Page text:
Europe's first collateralized loan obligation after the financial crisis, called Cairn CLO III B.V., has features that are common in U.S. CLOs issued over the past two years that limit credit risk, according to a Moody's Investors Service.
Credit Suisse is the arranger on the deal, which priced on Feb. 20.
The primary market for European CLOs evaporated during the financial crisis as spreads on bonds issued by these transactions ballooned, making them an uneconomical way to raise money. New regulatory requirement for managers to retain exposure to these deals has discouraged new issuance. And the lack of commercial lending in Europe also made collateral for CLOs hard to come by. Because of these factors, Europe has been significantly bypassed by the U.S. CLOs market, which saw volume with roughly $55 billion last year.
In a report published today, Moody's said features of Cairn's CLO that limit risk include restrictions on the type of assets in the underlying portfolio, limitations on interest payment timing mismatches, caps to peripheral Europe exposures. The deal also has a shorter maturity than was typical of Europea CLOs issued pre-crisis.
Going forward, the performance of CLOs with structures similar to this deal are probably going to be more stable versus pre-crisis European transactions. Moody's expects sporadic European CLO issuance for the rest of the year with transactions having most of Cairn's structural features.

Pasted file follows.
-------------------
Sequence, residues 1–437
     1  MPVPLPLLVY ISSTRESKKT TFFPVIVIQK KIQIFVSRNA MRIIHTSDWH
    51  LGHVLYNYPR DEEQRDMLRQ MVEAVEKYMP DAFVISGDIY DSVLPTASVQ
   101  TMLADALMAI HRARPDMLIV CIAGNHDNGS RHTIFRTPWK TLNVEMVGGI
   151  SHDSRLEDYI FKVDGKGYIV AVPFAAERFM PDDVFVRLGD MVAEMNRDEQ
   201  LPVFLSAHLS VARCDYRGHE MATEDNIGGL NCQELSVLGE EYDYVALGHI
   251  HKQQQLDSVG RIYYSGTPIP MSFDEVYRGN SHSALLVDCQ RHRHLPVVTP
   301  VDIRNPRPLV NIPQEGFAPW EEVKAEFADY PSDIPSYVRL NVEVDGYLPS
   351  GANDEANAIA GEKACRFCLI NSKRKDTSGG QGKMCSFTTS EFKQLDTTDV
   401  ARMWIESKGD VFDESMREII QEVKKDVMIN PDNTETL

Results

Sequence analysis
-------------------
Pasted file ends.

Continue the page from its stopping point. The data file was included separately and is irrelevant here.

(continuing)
One of the deal's features that limit risk is that collateral obligations will be euro-denominated, which removes foreign exchange currency and counterparty risks from foreign exchange hedging.
None of the portfolio assets will mature after the deal's legal final maturity, which takes out the probability of selling the assets before their maturity and avoids market value risk. There is also the added requirement that the collateral manager cannot vote for amend-and-extend restructurings of any of CLO assets if this would cause a breach of the weighted average life test. The CLO also restricts synthetic obligations and structured finance assets, which were usual in pre-crisis CLOs. Having no synthetic obligations eliminates counterparty risk, Moody's explained.
Assets paying interest less frequently versus the rated notes, which pay semi-annually, cannot exceed 5% of the pool, and a reserve account will ensure equal distributions of these interest payments in the subsequent two payment dates.
Aside from these limitations, Cairn III, which has a portfolio par amount of €300 million, permits loans in specific countries that have Baa3 or higher government bond ratings, with an added restriction of 7% for those with ratings of Baa1 to Baa3. This limits exposure to Spain (Baa3 negative) Italy (Baa2 negative) and Iceland (Baa3 stable) to 7% altogether with the rest of the peripheral countries ineligible. The remaining portfolio will comprise loans in countries with Aaa foreign-currency ceilings at the loan’s purchase.
The Cairn deal's weighted average life is seven years, which is significantly less versus the typical CLO’s eight to 11 years. This lowers the rated notes' risk profile. The reinvestment period is three years, which is roughly half the average time of that of pre-crisis European CLOs. Moody's said this also reduces the portfolio variability's impact and the length of exposure to unforeseen risks.